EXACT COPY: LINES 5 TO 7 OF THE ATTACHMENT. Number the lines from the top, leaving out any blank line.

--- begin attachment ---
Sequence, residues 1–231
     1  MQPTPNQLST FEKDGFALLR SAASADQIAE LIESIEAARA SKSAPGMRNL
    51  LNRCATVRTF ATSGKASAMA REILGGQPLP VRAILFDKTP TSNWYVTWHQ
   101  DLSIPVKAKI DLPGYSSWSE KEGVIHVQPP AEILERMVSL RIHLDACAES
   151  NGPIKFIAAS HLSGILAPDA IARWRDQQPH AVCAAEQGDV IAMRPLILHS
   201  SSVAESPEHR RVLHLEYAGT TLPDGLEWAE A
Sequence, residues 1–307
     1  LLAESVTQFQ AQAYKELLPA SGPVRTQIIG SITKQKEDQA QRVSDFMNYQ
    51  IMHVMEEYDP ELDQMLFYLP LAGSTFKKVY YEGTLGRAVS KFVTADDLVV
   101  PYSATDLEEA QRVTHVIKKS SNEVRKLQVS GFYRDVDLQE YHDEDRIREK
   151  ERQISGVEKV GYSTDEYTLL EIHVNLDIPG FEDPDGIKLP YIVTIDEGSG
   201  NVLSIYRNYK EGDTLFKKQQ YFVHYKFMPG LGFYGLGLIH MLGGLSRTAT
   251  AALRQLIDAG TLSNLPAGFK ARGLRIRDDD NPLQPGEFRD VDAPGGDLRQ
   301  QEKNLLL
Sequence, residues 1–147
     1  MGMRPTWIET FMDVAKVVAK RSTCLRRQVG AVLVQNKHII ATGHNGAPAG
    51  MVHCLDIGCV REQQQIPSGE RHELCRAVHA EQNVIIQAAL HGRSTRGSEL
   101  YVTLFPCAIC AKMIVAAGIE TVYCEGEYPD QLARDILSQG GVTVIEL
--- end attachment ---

   151  NGPIKFIAAS HLSGILAPDA IARWRDQQPH AVCAAEQGDV IAMRPLILHS
   201  SSVAESPEHR RVLHLEYAGT TLPDGLEWAE A
Sequence, residues 1–307